Z-Boys Legend Tony Alva Shares His Thoughts On Streetwear and Skateboarding
Originally published on STATUS Magazine, December 2018
Celebrating his golden anniversary as one of skateboarding’s most respected figures, TONY ALVA keeps his head and heart in the same down-to-earth place.
Born and raised in the rough neighborhood of Dogtown in southern Santa Monica, California, Tony began his career as a professionally sponsored skateboarder and athlete in his early teenage years. Joining the Zephyr Skateboard team with childhood friends Jay Adams and Stacy Peralta in the ‘70s, they pushed the perilous craft of skating empty swimming pools into the limelight, creating a new tradition in the culture that would eventually stick forever.
Now in his early 60s, the Z-boys legend and vertical skating pioneer spends his days watching over his brand Alva Skates, making music with G.F.P. and HEHF, and jumping countries to promote his long-time business relationship with Vans. Taking a quick exit from his duties at House of Vans Manila 2018, we snuck away from the enthusiastic energy of the crowd and sat down with Tony to hear his thoughts on modern skate culture and the relationship of streetwear and skateboarding.
Upon arriving in Manila and observing the skate culture, would you say there are distinct differences between Philippine and Western skate culture?
Well, I wouldn’t say that there’s a huge difference. I would say that, if anything, the enthusiasm of skateboarding in the Philippines seems really high. It’s like the kids really love it and they’re non-stop. They’ve been skating all day and it makes me a little jealous because my old, 60-year-old body aches just watching these kids skate all day like that. The energy level is really high and that they seem to be really enjoying themselves, and hopefully with that kind of attitude and dedication, they’ll increase not only the talent and ability in the technical aspect of skateboarding but I think it’s also gonna push skateboarding into a more positive direction in the Philippines.
“The streetcore value of skateboarding is something that I think is really important, that we not lose that connection and value. Let’s let it be as hardcore and real as it can be.”
Talking about moving forward, where do you hope to see skateboarding in the next 10 years?
The streets is really where skateboarding is happening all the time. It’s kinda underground, but at the same time that’s where the most hardcore skateboarding really goes down in most major cities. Most of the kids that are professional skateboarders nowadays, especially the ones doing the most technical stuff, are still out on the streets practicing. The streetcore value of skateboarding is something that I think is really important, that we not lose that connection and value. Let’s let it be as hardcore and real as it can be.
“…but I feel like when it comes to fashion for skateboarders, it’s about form and function. It’s gotta be something that feels good and looks good but at the same time has a quality to it.”
Streetwear and skate culture have been simmering in the same pot for quite a while now. Why do you think these two get along so well?
Fashion has a lot to do with skateboarding because skateboarders are not only very fashion-conscious, but they’re usually one step ahead when it comes to trends in fashion. I wear different things when I’m skating and just going out in a social environment, but I feel like when it comes to fashion for skateboarders, it’s about form and function. It’s gotta be something that feels good and looks good but at the same time has a quality to it.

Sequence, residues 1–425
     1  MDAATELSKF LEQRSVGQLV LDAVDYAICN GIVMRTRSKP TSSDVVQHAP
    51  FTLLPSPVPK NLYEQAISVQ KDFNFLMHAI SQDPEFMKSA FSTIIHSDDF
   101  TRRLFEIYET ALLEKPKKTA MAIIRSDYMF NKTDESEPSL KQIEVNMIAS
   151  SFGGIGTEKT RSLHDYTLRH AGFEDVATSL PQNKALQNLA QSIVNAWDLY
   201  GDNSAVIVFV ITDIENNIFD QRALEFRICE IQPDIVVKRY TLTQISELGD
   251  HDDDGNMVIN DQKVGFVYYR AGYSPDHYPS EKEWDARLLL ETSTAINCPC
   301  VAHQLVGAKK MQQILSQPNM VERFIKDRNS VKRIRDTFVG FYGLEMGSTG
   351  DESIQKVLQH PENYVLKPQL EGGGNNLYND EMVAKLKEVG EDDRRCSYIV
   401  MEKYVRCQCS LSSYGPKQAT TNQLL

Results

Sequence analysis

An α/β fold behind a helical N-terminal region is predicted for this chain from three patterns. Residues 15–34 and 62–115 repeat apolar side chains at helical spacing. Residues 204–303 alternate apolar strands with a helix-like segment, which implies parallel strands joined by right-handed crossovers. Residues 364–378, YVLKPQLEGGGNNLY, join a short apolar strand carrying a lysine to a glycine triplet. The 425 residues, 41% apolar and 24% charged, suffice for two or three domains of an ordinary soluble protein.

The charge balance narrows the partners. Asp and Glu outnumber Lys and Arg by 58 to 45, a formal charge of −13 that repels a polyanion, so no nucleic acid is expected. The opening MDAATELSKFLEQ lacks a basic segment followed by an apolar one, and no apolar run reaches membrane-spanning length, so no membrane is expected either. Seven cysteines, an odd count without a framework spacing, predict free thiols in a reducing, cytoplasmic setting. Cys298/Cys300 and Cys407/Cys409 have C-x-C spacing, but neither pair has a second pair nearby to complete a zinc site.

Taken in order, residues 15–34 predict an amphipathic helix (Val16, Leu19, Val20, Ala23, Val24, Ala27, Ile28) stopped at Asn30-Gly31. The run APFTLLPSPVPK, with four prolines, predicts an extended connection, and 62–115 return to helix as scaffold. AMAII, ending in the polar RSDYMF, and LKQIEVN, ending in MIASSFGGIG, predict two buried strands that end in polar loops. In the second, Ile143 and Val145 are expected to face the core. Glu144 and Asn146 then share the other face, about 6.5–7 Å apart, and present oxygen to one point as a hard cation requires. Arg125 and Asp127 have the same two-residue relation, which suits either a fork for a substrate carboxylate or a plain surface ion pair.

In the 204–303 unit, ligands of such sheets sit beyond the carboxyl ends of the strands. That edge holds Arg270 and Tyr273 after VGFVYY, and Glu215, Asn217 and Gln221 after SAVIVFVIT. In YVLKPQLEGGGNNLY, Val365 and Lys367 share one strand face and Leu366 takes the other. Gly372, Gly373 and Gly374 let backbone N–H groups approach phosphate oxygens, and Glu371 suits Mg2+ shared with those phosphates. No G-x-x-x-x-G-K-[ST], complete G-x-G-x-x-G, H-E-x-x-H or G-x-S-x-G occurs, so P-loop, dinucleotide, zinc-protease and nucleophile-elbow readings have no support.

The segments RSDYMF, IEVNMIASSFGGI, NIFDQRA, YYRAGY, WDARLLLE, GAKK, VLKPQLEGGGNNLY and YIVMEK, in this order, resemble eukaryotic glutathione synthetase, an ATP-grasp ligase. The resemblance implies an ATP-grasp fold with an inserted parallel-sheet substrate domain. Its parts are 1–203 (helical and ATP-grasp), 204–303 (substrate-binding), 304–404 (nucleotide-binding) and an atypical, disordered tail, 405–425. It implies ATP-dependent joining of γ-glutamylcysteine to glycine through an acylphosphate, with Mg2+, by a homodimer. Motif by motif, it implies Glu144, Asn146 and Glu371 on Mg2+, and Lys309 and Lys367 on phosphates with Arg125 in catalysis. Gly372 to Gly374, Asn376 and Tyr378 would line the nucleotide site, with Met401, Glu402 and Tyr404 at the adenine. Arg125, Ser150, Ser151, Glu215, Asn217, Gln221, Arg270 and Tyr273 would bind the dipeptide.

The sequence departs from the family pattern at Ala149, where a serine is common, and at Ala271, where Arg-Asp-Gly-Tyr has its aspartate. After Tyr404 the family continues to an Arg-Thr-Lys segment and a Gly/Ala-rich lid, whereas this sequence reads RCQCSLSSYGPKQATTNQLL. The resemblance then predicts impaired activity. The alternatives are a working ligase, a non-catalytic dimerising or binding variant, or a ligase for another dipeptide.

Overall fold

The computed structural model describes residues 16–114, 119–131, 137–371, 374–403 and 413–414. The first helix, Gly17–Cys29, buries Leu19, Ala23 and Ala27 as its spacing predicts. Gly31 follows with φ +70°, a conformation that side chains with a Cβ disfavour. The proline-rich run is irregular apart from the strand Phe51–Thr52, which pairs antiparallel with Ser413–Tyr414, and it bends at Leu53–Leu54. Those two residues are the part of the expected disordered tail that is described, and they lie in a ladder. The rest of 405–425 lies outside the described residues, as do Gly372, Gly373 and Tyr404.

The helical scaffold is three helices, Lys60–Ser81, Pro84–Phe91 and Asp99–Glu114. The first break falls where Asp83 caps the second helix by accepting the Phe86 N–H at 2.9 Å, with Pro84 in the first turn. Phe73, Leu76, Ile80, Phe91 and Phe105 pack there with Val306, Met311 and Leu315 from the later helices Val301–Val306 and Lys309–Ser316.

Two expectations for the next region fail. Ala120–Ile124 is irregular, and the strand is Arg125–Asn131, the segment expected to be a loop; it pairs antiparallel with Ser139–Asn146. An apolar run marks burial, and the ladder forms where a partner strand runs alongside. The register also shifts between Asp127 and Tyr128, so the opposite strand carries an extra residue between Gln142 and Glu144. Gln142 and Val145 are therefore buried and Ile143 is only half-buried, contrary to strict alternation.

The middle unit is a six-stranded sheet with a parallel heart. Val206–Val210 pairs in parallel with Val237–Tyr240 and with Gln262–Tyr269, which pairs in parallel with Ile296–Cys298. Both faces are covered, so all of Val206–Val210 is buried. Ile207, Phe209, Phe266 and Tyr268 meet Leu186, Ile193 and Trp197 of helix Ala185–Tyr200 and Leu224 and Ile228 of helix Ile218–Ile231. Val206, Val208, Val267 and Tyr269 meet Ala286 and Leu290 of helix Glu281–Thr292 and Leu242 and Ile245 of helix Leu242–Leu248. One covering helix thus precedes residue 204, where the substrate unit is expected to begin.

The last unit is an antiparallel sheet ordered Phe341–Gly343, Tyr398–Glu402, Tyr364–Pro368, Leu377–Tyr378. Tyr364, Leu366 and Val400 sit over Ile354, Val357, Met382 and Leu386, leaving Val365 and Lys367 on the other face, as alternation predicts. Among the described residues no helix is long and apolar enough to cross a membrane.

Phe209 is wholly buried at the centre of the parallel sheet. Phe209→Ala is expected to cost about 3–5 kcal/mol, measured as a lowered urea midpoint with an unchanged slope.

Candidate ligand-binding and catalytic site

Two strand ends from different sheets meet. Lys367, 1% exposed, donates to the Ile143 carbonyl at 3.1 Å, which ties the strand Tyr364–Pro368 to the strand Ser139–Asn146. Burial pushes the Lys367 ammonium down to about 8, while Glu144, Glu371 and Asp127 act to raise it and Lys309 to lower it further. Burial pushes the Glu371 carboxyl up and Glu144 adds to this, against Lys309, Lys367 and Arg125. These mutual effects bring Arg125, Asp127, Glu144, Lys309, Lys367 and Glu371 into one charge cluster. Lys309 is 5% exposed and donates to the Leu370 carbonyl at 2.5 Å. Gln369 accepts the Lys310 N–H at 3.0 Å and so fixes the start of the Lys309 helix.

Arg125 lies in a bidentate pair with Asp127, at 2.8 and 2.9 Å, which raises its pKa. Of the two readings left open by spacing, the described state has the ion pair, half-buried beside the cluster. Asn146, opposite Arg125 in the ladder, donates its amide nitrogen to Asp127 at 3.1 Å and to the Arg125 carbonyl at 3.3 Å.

“Like anything, you have to basically have your head and your heart in the right place and make something that’s truly a good product, as well as the fact that it looks and feels good. If you don’t have those facets in your apparel and stuff…It’s just gonna be another trend, and trends just come and go.”
What do you think of streetwear culture taking aspects of skate fashion but without the form and the functionality that it originally should have?
I don’t think that form and functionality should be neglected. It’s not just about making trendy stuff and hoping that people are gonna make money for it, you know, and trying to exploit it for fashion. Like anything, you have to basically have your head and your heart in the right place and make something that’s truly a good product, as well as the fact that it looks and feels good. If you don’t have those facets in your apparel and stuff, I don’t see it as having a long future. It’s just gonna be another trend, and trends just come and go. I’ve never considered myself a trendy person, but some people get caught up in that stuff. I find that, for me, it’s gotta be more connected to something that’s real but at the same time has a sense of aesthetic.
Can you tell us more about your collaboration with French clothing line Serge Blanco?
A friend of mine, Elsa Lauby, has a company in France called Serge Blanco and she’s got stores in Paris, London, and Tokyo. She does men’s fashion and I’m collaborating with her on a line right now, and we’re doing really nice men’s clothes that are cut in a fashion aspect but can be also used for skateboarding. So either next spring or summer, we’re coming out with a line that we both worked on together. We mostly used Italian fabrics and it’s really nice quality, and it’s not cheap ‘cause I don’t think that fashion is cheap if you do something nice and you do it right.
Written by Sophie Caraan
Photographed by Mark Cristino and Maui Hidalgo of Blunt Magazine, courtesy of Vans Philippines